Led by a Barcelona -style Lionel Messi, Argentina players appear convinced they will put an end to a 28-year title drought. Its opponent Brazil looks even better than two years ago when it lifted Copa America without Neymar and with fans on the stands.
Brazil seeks its 10th South American title, while Argentina is going for its 15th, which would put it level with record winners Uruguay.
Here are some reasons why both teams have what it takes to win the title.
MESSI: the team captain is playing his best tournament with Argentina since his debut in 2005. He's scored four goals and has five assists so far. Beyond his playmaking virtues, the 34-year-old is looking comfortable as a leader on the pitch — in a contrast with the shy Messi of past tournaments.
EMILIANO MARTÍNEZ: he is the first goalkeeper to stop three penalties in a shootout in Argentina's history. Against Colombia, he trash-talked his opponents before each shot, which apparently worked. He looks safe in the position, has a good footwork and blocks crosses with precision.
LIONEL SCALONI: The young coach took over as an intern in 2018 to leave behind Argentina's meltdown in the 2018 World Cup when the team lost to France in the round of 16. Now he is responsible for a renewal to team players like defender Cristian Romero, winger Nicolás González and goalkeeper Martínez.
LAUTARO MARTÍNEZ: The striker nearly lost his position to veteran Sergio Agüero after a slow start in the tournament, but he has now scored in the last three matches. He tires opponents with his runs, opens gaps for Messi and still scores some goals.
PROTECTION TO MESSI: Rodrigo de Paul and Giovani Lo Celso are not the most creative midfielders in the world. But they are still high-level passers who will sacrifice defending so Messi can shine in the final third. Leandro Paredes and Guido Rodriguez also take that responsibility in the center, no matter who is playing.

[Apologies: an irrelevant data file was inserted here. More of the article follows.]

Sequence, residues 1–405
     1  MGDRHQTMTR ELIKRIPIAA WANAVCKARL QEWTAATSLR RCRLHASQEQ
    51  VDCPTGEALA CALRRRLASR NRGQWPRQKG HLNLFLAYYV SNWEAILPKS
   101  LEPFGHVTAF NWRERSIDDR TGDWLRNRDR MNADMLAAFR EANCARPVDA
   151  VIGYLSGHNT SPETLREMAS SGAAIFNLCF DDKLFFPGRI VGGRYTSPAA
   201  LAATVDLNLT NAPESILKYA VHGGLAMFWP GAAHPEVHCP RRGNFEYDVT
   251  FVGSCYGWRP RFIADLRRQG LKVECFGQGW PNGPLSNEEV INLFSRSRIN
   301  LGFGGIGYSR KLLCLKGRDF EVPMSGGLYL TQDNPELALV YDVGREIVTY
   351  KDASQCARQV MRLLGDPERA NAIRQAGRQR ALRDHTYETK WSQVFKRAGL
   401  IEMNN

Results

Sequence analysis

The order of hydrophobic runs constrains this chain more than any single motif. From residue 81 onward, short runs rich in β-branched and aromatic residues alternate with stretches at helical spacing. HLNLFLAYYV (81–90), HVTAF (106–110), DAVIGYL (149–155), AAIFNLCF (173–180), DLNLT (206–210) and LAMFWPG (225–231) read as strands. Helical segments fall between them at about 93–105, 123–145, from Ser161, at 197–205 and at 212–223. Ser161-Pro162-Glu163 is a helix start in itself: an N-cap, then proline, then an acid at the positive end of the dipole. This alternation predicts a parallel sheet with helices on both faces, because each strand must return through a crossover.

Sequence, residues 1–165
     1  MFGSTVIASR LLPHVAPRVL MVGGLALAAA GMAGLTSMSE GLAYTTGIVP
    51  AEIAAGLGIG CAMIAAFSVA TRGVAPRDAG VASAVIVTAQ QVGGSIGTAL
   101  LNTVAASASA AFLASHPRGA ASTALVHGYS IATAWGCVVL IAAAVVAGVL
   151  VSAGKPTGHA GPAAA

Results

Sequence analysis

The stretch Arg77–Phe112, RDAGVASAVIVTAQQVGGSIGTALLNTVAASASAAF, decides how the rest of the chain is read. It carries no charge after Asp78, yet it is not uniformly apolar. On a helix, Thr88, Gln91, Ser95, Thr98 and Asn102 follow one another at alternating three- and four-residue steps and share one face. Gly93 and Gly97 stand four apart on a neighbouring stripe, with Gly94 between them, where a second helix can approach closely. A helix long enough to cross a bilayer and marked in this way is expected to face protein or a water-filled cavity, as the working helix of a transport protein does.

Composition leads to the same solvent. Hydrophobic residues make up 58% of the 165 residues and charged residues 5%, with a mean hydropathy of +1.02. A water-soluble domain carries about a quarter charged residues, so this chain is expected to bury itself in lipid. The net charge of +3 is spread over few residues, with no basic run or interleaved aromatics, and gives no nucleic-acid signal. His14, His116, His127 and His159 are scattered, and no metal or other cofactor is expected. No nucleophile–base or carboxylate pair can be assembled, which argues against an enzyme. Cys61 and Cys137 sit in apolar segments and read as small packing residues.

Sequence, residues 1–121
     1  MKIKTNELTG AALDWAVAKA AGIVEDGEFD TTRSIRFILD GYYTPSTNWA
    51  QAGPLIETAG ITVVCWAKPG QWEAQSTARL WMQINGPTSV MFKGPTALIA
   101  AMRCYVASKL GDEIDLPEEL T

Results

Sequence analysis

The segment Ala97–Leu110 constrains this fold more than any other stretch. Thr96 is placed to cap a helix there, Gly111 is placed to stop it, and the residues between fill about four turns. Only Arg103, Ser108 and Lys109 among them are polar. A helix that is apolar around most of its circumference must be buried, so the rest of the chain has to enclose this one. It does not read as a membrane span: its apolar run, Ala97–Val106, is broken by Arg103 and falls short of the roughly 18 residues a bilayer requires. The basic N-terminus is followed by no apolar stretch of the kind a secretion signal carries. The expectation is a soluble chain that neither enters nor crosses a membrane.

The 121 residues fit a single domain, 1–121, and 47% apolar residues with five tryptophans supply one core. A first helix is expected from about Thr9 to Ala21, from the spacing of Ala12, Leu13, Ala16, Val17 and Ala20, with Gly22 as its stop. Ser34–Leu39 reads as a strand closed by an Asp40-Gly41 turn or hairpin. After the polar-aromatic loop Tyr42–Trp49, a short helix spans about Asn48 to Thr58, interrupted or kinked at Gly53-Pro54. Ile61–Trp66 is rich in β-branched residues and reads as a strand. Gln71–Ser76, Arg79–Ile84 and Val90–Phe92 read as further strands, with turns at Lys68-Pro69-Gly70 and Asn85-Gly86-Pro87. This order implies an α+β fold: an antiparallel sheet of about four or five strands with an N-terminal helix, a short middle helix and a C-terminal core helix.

STEADINESS: Brazil won five matches and drew against Ecuador when it fielded a team with six substitutes. So far, the Selecao has scored in every match and conceded only two goals in the group stage. It usually plays better in the second half, when most of its opponents are fatigued. Substitutes have managed to keep the team's intensity high when they join in.
NEYMAR: His dribbles, passes and shots add to Brazil's steadiness. Neymar scored two goals and had three assists in five matches — he was rested against Ecuador. His exchanges with midfielder Lucas Paquetá made Brazil more fluid up front. As Neymar showed against Peru in the semifinal, he can still come up with tricks that result in goals.
TITE: Brazil's coach has used the tournament to test playing alternatives, eyeing the World Cup in Qatar. As a result, his team depends less on Neymar and adapts well to different situations. By using Gabriel Jesus as a winger, he created opportunities for new players to step up as target men, including Roberto Firmino and Gabriel Barbosa. Tite has also found Paquetá as a promising box-to-box player.
DEFENDERS: Veteran Thiago Silva is still in top form, Marquinhos is as quick as most strikers and Éder Militão has proven to be a potential Brazil starter in the long run. The two goals Brazil conceded at Copa America came on an unstoppable volley by Luis Diaz against Colombia and by Angel Mena in a rare mistake against Ecuador. (AP)